Zoodles Crazy

I have been fascinated by the spiralizer vegetable craze. So I bought an inexpensive spiralizer to try my hand at making zucchini noodles, Zoodles, to see what all the fuss was about. I read the tips that came with the gadget and watched a video, so I would get it right. Some tips I picked up:

  • Spiralizers work best with straight vegetables, so you may have to trim them or cut them in half.
  • In order to get long spirals, the vegetable should be at least an inch and a half in diameter.
  • After washing the produce, cut one end off and keep one end uncut to use to grip the vegetable.
  • Zucchini is a watery vegetable. After you spiralize the zucchini, dry them off with a paper towel. I made the zoodles in the morning and let them sit on a double thickness of paper towels until it was time to cook. They were dry and could be cooked al dente.

Being a frugal cook, I decided to use up some roasted chicken breasts I had in the refrigerator. I am also trying to eat more low carb dishes these days and came up with a creamy sauce for the chicken. It is delicious over the zucchini noodles. No wonder these noodles have become so popular.

Creamy Chicken Over Zoodles


4 thin, medium zucchini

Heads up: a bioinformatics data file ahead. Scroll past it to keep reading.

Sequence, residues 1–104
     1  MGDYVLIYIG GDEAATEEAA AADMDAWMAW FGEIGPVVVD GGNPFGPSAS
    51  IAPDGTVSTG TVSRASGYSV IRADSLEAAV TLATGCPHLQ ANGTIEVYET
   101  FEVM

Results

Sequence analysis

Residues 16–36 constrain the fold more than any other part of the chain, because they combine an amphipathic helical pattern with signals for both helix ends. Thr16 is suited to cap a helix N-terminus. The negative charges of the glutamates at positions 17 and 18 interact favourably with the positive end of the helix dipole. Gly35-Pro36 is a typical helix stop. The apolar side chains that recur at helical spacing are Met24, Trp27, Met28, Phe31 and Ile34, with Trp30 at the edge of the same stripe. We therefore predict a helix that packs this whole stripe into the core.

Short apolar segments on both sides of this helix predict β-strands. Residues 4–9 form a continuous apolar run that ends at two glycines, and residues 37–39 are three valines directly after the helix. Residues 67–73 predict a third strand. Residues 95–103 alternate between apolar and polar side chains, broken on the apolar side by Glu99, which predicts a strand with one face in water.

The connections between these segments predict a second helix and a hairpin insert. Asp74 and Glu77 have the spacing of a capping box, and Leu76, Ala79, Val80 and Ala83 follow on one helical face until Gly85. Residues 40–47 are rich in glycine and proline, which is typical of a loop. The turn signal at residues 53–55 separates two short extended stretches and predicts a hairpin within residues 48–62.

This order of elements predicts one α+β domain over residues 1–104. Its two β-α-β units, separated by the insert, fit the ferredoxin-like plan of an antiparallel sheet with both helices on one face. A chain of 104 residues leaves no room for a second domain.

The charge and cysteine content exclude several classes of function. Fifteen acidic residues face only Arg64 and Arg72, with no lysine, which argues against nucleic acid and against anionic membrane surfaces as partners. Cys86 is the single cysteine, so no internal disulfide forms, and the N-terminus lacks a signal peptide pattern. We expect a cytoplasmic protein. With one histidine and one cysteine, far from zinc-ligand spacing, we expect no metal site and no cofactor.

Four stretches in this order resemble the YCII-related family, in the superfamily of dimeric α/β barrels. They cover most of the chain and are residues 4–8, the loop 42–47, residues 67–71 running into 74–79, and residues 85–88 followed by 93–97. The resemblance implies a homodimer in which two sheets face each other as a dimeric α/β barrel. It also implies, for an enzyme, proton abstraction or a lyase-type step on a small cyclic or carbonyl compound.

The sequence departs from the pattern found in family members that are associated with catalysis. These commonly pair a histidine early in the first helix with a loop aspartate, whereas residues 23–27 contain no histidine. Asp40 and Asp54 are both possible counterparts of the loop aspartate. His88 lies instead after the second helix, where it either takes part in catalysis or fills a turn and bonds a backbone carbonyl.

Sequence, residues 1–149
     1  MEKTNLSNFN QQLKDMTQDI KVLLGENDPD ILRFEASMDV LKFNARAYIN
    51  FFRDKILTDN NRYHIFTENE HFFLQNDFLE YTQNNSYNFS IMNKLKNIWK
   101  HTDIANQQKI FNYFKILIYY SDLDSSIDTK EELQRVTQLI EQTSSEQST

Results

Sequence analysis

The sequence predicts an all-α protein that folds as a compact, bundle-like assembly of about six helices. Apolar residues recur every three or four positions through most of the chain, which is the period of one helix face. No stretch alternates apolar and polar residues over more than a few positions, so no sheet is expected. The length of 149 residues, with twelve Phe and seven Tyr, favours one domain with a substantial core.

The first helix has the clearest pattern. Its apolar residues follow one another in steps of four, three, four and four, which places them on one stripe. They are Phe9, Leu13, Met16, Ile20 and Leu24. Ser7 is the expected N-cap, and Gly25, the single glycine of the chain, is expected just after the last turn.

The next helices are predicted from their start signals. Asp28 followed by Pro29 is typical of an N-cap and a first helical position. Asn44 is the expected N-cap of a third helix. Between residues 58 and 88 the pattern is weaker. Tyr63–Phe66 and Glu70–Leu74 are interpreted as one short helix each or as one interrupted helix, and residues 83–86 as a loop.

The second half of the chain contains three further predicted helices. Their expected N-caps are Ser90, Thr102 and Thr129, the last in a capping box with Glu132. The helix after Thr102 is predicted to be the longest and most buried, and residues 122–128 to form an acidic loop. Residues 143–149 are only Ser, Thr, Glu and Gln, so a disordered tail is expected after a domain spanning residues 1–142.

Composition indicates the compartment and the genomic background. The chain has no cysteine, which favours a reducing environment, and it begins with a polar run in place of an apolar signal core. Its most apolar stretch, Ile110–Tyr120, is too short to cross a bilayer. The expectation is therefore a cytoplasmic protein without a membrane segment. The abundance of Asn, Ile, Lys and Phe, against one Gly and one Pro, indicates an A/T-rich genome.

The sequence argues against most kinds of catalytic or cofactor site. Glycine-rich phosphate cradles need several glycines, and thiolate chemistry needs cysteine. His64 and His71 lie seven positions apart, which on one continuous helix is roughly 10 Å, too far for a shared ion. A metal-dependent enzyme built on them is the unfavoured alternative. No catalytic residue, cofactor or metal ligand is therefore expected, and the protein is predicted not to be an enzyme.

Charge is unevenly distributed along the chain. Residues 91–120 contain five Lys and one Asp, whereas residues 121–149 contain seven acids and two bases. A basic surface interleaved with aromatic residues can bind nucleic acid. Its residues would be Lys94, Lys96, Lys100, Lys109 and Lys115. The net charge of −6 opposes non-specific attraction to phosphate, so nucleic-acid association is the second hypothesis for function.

2 bone-in roasted chicken breast halves
2 tablespoons butter, divided
1 onion, sliced
1 garlic clove, minced
4 oz mushrooms, sliced
Salt and pepper to taste
1/2 cup low sodium chicken broth
1 cup heavy cream
1 cup grated Parmesan cheese
1/2 tablespoon arrowroot powder (See note below)


Spiralize the zucchini and place the noodles on several thicknesses of paper towels. Set aside.

Cut the chicken into thin slices.

In a large skillet, heat 1 tablespoon of butter and add the onion and garlic. Cook until the onion is tender. Add the mushrooms and cook until they release their moisture. Add the chicken and chicken broth. Reduce the heat to low and heat the chicken. Add salt and pepper to taste.

Add ¾ cup of the heavy cream and bring the mixture to a low boil. Add the cheese and stir it into the chicken mixture. Reduce the heat to low.

Dissolve the arrowroot powder in the remaining ¼ cup of cream and stir it into the chicken mixture, heating the mixture until it thickens. Do not boil.

In a medium skillet, melt the remaining 1 tablespoon butter and add the zucchini noodles, tossing them for a minute or two to heat.

Serve the chicken and mushroom sauce over the zucchini noodles.


Note: Arrowroot powder is extracted from plants by a process of soaking the plants in hot water, peeling the tubers to remove their fibrous covers, mashing the tubers into a pulp and then washing the pulp to separate the starch. The starch is then filtered and ground to powder. Cornstarch is usually made from genetically modified corn and is extracted by a harsh chemical process. You can buy non-GMO cornstarch but it will be more expensive. For me, arrowroot powder is the healthier lower carb choice.

Arrowroot powder can be used as a way to thicken soups, stews, gravies and sauces. You do this by making a “slurry.” Mix the arrowroot into a cold liquid and whisk until smooth. Then you pour the slurry into the hot sauce or gravy to thicken it and make it glossy. Slurries are added at the end of the cooking process; usually it’s the last step before serving.


Warm up a rainy spring Lunch With Friends and serve a delicious CREAMY MUSHROOM SOUP.



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